I was twenty-one years old when I first truly understood learning disabilities. I was in my clinical clerkship at McGill University in a psychiatry rotation. One of the patients I was following had dyslexia. Like every good medical student, I read everything I could about the condition. But it was the definition that was personal for me: “the general term for disorders that involve difficulty in learning to read or interpret words, letters, and other symbols, but that do not affect intelligence.” I am not sure where the definition is from because I have copied it today from the journal I kept at the time.
This disorder was important because of how my mother had always described her own academic abilities. My mother always told us that she “could never spell” and was “a slow reader” and that her younger sister was “the smart one”. My brother and sisters and I were given very easy to spell names because my mother had struggled to spell her own beautiful given name, which was Othelia. She didn’t like this name, I suspect because it always made her feel “stupid”.
“I can’t even write my own name,” she’d say.
But, on the other hand, she could talk your ear off and no one could recount family stories as wonderfully as she could. Her vocabulary was sophisticated, her grammar perfect and, if she could have written them down, she would have produced some of the best stories about life on a small Ontario farm in the Ottawa Valley during the Great Depression. She also got the best marks in math in her family and, for many years, made her living as a bookkeeper.
The more I read about this condition, the more I realized that this was exactly my mother’s problem. Educational institutions were just beginning to accommodate for learning disabilities in the 1970’s and I astounded my supervisor with the amount of work I did to get those accommodations for my patient, who was struggling to complete the mandatory English credits to get her Architecture degree. This young woman had been discouraged from studying architecture because “it’s a difficult job for a woman”. That’s another quote taken from my journal.
Female medical students were just as rare as female architecture students in the 1970’s, which was another factor that kept me engaged. Not to mention enraged, when a senior resident at rounds suggested that part of the management plan ought to be for my patient to switch to a “woman’s career”, like “teaching”. I had a great supervisor at the time, a former Associate Dean of Admissions at McGill University’s Faculty of Medicine who was committed to bringing more women into medicine. He said to me, “I can tell by the look on your face what’s about to come out of your mouth, but don’t say it.”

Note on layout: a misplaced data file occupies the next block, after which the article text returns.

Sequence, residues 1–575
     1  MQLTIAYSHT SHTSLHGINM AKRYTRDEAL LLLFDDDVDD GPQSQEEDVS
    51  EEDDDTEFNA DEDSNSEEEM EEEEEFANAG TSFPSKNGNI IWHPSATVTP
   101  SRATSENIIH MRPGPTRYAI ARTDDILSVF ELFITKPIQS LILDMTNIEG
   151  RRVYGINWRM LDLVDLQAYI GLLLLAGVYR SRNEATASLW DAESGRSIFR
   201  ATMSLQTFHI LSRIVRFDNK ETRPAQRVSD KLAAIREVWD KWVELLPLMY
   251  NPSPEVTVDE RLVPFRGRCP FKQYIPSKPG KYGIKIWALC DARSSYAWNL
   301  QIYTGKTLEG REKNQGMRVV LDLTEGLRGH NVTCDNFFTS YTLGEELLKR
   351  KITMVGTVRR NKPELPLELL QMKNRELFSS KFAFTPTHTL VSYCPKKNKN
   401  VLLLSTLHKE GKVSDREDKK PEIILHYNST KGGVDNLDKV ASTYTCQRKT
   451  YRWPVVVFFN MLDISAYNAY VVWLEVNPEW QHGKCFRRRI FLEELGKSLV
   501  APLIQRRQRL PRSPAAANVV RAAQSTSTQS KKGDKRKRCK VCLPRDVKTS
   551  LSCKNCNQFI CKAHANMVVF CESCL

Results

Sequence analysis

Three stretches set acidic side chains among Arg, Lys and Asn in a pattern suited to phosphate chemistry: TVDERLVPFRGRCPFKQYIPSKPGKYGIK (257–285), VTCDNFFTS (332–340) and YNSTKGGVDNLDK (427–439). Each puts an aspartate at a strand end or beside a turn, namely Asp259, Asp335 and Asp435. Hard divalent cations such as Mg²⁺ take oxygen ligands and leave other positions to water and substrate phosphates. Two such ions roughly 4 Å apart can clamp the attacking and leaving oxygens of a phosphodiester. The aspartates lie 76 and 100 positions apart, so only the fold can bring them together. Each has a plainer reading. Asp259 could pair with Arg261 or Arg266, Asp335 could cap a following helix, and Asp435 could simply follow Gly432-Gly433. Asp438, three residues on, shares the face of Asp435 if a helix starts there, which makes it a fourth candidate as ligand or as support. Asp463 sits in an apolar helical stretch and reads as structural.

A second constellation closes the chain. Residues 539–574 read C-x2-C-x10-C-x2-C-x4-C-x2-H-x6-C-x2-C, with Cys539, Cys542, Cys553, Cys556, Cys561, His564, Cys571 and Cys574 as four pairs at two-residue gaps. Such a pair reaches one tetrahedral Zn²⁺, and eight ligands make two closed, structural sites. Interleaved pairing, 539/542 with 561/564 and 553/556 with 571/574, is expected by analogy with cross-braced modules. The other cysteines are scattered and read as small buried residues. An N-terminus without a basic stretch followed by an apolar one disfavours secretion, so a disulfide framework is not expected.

With my supervisor’s assistance, I appeared with my patient in front of the School of Architecture’s Examinations Appeal Board. I provided clinical records that proved that her mental health had been affected by an Acute Depressive Episode, a well-recognized medical condition. Then I brought documentation on Dyslexia and requested that she be able to have accommodations to allow for this condition. Universities weren’t used to providing accommodations at the time, but a Professor of Medicine and former Associate Dean is hard to argue with and so we were successful.
Fresh from this success, I went home, thinking to convince my mother, who had just started Community College, to get accommodations for her own education. She had decided to go back to school to get a postsecondary education, which was a dream for her. She was failing all her essay assignments and exams for reasons that were now completely obvious to me. I tried to explain dyslexia to my mother, all my articles and research in my hands. Of course, those articles were meaningless to her because she couldn’t read a word.
” I’m not as smart as you,” she said. I felt like I was being mean to her when I convinced her to let me try to get accommodations for her. She came with me to the student advisor at the College, who was more enlightened about learning disabilities than Professors in the School of Architecture had been. From then on, my mother was allowed to complete her exams and assignments orally. She graduated with honours, of course.
Today, when I am working with a youth with a learning disability, what I remember most vividly is how “stupid” my patient and my mother felt all those years ago. Working with my patients now, I can always find skills they have that demonstrate how they intelligent they are. There is much more information now about learning disabilities, including this web site which shows what text can look like to someone with dyslexia.
After my psychiatry rotation, my supervisor stayed in touch with me. Medical school exams were difficult for me because they were multiple choice. I have failed every multiple choice exam I have ever written the first time I wrote it. When I look at a multiple choice exam, I feel like a starving person with a menu and I feel stupid that I cannot pick out the correct answer. Ironic, isn’t it?
(Note: Dr. Alan Mann, Professor of Psychiatry at McGill University and Psychiatrist-in-Chief at the Montreal General Hospital, former Associate Dean of Admissions in the Faculty of Medicine, had the most influence in my career of any of my teachers. It was one of the greatest honours of my life to serve as Chief Resident at the Montreal General Hospital during his tenure.)